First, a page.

Converting from active to passive voice can be as simple as rearranging the word order in a sentence. However, it’s important to make sure that the new sentence still conveys the same meaning as the original. Otherwise, you could end up with a confusing or inaccurate message.


Passive voice is a grammatical construction that emphasizes the action or occurrence rather than the actor. It can make your writing sound more objective and less opinionated. Passive voice also tends to be weaker and less concise than active voice, so it’s important to use it sparingly. You should convert from passive to active voice when possible because it makes for stronger, clearer writing.


What is the passive voice?

The passive voice is a verb form that can be used to create a sentence in which the subject is not doing the action of the verb. For example, “The book was given to me by my teacher” is in the passive voice because “I” am not the one who gave the book to myself. Instead, my teacher did.

When should I use the passive voice?

The passive voice can be used in a variety of situations, but it is most often used when the subject is unknown or unimportant. For example, “The bank was robbed” is in the passive voice because the subject (the person who robbed the bank) is unknown.

What are some other examples of the passive voice?

Here are a few more examples of sentences in the passive voice:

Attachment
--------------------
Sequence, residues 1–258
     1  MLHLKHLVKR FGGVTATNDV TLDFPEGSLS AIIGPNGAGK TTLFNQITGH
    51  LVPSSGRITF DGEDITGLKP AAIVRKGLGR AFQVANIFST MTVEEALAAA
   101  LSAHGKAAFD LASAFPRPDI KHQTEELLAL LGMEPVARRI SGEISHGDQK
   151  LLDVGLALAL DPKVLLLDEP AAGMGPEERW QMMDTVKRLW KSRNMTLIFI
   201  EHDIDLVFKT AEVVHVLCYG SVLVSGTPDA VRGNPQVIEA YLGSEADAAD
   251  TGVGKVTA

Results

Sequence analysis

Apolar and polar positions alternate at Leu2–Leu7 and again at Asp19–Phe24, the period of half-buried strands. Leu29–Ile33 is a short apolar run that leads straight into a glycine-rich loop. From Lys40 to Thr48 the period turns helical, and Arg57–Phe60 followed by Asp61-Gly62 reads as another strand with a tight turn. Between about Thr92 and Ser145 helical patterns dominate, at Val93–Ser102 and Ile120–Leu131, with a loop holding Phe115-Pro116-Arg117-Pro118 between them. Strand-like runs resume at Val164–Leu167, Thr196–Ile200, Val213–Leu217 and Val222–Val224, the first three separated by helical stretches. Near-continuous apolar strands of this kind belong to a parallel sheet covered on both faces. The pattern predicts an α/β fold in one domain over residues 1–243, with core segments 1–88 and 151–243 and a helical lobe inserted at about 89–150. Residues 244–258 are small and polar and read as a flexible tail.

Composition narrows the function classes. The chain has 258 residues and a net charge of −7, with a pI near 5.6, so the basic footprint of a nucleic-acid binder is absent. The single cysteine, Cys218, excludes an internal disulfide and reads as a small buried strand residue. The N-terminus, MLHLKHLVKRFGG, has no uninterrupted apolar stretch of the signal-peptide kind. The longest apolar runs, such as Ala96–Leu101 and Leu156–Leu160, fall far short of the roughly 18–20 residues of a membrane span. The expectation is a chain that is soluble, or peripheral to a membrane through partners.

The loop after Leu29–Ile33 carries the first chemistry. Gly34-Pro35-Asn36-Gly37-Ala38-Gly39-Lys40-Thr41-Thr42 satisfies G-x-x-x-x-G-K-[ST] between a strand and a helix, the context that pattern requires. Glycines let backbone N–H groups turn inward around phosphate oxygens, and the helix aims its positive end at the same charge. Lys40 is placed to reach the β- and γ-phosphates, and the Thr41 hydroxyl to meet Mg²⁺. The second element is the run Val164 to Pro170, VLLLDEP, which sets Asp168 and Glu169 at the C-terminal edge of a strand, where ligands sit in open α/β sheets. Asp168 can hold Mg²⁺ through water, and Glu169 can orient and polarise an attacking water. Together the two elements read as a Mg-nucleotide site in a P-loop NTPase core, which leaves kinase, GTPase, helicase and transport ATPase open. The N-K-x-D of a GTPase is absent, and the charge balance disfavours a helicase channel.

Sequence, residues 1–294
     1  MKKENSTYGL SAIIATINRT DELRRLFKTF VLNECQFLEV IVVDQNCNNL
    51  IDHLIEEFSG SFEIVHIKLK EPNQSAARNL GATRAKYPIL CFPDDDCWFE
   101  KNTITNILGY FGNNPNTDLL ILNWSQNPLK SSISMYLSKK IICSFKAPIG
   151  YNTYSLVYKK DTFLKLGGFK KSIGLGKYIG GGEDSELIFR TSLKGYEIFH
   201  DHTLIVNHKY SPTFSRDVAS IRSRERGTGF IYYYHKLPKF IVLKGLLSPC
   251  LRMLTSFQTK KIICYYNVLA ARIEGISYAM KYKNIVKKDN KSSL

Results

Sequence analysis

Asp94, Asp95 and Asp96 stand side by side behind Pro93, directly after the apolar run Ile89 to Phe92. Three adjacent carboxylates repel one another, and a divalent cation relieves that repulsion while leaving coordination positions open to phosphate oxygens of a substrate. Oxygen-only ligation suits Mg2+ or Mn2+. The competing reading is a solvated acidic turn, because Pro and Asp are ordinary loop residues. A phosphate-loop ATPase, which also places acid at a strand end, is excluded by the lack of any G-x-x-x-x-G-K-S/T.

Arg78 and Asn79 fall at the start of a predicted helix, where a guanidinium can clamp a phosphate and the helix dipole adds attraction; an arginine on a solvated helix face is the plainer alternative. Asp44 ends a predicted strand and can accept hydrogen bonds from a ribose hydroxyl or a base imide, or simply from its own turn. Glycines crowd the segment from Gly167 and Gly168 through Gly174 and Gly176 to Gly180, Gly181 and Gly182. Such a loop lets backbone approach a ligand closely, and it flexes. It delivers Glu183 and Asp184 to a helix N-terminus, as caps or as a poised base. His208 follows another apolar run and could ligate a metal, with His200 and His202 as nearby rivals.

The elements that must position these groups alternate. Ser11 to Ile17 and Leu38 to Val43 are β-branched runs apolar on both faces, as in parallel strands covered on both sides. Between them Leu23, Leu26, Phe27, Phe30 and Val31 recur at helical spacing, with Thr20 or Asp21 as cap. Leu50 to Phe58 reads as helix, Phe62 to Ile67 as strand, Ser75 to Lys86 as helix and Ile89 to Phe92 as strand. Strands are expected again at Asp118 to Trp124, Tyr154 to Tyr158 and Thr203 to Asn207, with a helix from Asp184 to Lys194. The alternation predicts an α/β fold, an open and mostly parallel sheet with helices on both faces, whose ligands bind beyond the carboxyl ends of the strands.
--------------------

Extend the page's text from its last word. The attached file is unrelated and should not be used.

• The windows were broken by vandals.
  • Dinner will be served at 6pm.
  • A new bridge is being built over the river.

Is the passive voice always wrong?

No, the passive voice is not always wrong. In fact, it can be quite useful in some situations. However, it is important to use the passive voice sparingly, as too much use of the passive voice can make your writing sound weak and unclear.

When should I avoid using the passive voice?

There are a few situations when you should avoid using the passive voice.

  • If you want to emphasize the subject of the sentence, you should use the active voice instead of the passive voice. For example, “I wrote the report” is in the active voice and emphasizes that “I” did the writing.
  • You should avoid using the passive voice if you want to make your writing sound more forceful and direct. For example, “The company needs to increase its sales” sounds more forceful than “Sales need to be increased by the company.
  • You should avoid using the passive voice if you want to make your writing sound more concise. For example, “I will write the report” is more concise than “The report will be written by me.”

What are some tips for avoiding the passive voice?

Here are a few tips that can help you avoid using the passive voice in your writing:

  • Identify the subject of each sentence and make sure that it is performing the verb’s action.
  • If you’re having trouble identifying the subject, try rewriting the sentence in the active voice.
  • If you’re still having trouble, try breaking the sentence down into smaller parts to make it easier to identify the subject.
  • Avoid using phrases such as “there is” or “there are” at the beginning of sentences, as these often imply the use of the passive voice.
  • Finally, if you find yourself using the passive voice frequently, take a step back and consider whether active voice would be more appropriate.